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See List of Quercus species

An OAK is a tree or shrub in the genus QUERCUS (/ˈkwɜːrkəs/ ; Latin
Latin
"oak tree") of the beech family, Fagaceae
Fagaceae
. There are approximately 600 extant species of oaks . The common name "oak" also appears in the names of species in related genera, notably Lithocarpus (stone oaks), as well as in those of unrelated species such as Grevillea robusta (silky oaks) and the Casuarinaceae (she-oaks). The genus Quercus is native to the Northern Hemisphere
Northern Hemisphere
, and includes deciduous and evergreen species extending from cool temperate to tropical latitudes in the Americas
Americas
, Asia
Asia
, Europe
Europe
, and North Africa . North America
North America
contains the largest number of oak species, with approximately 90 occurring in the United States, while Mexico
Mexico
has 160 species of which 109 are endemic. The second greatest center of oak diversity is China, which contains approximately 100 species.

Oaks have spirally arranged leaves, with lobate margins in many species; some have serrated leaves or entire leaf with smooth margins. Also, the acorns contain tannic acid , as do the leaves, which helps to guard from fungi and insects. Many deciduous species are marcescent , not dropping dead leaves until spring. In spring, a single oak tree produces both male flowers (in the form of catkins ) and small female flowers. The fruit is a nut called an acorn or oak nut borne in a cup-like structure known as a cupule ; each acorn contains one seed (rarely two or three) and takes 6–18 months to mature, depending on their species. The live oaks are distinguished for being evergreen , but are not actually a distinct group and instead are dispersed across the genus.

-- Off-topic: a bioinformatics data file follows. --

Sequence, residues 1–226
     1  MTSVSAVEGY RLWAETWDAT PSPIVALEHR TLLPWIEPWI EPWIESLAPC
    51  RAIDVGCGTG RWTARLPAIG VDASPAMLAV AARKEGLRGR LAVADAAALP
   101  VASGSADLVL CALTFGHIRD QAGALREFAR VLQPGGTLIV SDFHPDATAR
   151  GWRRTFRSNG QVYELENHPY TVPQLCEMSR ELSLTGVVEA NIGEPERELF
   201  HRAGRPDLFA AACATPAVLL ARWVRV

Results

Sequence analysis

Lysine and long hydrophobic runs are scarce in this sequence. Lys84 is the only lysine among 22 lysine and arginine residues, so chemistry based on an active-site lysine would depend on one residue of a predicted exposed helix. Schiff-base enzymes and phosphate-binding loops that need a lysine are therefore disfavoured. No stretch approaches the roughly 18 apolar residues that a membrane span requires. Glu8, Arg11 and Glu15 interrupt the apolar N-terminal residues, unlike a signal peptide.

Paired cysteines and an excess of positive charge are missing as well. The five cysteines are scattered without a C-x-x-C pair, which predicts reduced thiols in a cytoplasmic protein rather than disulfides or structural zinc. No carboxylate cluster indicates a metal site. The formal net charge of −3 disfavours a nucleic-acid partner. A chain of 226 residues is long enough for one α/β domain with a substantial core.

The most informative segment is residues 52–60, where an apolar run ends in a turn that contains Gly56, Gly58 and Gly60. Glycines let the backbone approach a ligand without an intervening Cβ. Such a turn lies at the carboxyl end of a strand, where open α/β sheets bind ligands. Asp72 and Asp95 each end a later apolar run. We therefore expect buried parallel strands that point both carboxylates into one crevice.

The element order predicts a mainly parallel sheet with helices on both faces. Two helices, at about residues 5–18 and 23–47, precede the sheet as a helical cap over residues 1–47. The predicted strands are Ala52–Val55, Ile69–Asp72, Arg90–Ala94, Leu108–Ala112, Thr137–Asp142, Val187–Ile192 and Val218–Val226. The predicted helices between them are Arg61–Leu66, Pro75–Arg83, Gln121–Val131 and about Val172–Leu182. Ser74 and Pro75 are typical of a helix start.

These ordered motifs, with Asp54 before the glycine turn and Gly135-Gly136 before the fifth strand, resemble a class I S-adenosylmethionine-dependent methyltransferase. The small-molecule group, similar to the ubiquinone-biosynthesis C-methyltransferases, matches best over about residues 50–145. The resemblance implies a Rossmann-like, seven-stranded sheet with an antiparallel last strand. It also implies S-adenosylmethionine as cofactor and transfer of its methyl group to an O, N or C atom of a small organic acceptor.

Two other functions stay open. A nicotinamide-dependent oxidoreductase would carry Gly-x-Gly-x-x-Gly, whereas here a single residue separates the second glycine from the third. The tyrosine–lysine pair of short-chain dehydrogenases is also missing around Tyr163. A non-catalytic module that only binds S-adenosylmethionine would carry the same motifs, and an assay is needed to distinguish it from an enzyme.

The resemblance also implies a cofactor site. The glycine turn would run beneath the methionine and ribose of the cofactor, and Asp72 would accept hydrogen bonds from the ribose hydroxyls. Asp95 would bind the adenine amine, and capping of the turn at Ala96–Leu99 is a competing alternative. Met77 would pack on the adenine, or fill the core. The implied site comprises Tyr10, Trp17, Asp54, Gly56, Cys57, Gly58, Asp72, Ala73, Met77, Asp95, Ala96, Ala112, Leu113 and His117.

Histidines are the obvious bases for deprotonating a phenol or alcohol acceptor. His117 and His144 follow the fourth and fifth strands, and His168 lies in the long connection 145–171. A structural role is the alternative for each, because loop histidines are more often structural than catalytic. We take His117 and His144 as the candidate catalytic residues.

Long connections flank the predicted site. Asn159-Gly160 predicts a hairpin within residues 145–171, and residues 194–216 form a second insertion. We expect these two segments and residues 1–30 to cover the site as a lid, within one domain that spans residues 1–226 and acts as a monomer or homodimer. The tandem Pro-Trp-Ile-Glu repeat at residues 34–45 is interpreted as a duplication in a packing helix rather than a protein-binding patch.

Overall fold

CONTENTS

* 1 Classification

* 1.1 Genus
Genus
Quercus * 1.2 Genus
Genus
Cyclobalanopsis

* 2 Hybridization * 3 Uses * 4 Biodiversity and ecology * 5 Genetics * 6 Diseases and pests * 7 Toxicity

* 8 Cultural significance

* 8.1 National symbol

* 8.1.1 Oaks as regional and state symbols * 8.1.2 Political use

* 8.2 Religious * 8.3 Historical * 8.4 Famous oak trees

* 9 Historical note on Linnaean species * 10 See also * 11 References * 12 Bibliography * 13 External links

CLASSIFICATION

The oak tree is a flowering plant . Oaks may be divided into two genera (sometimes referred to as subgenera ) and a number of sections :

GENUS QUERCUS

Oak
Oak
at Schönderling See also: List of Quercus species

The genus Quercus is divided into the following sections:

* Sect. Quercus (synonyms Lepidobalanus and Leucobalanus), the white oaks of Europe
Europe
, Asia
Asia
and North America
North America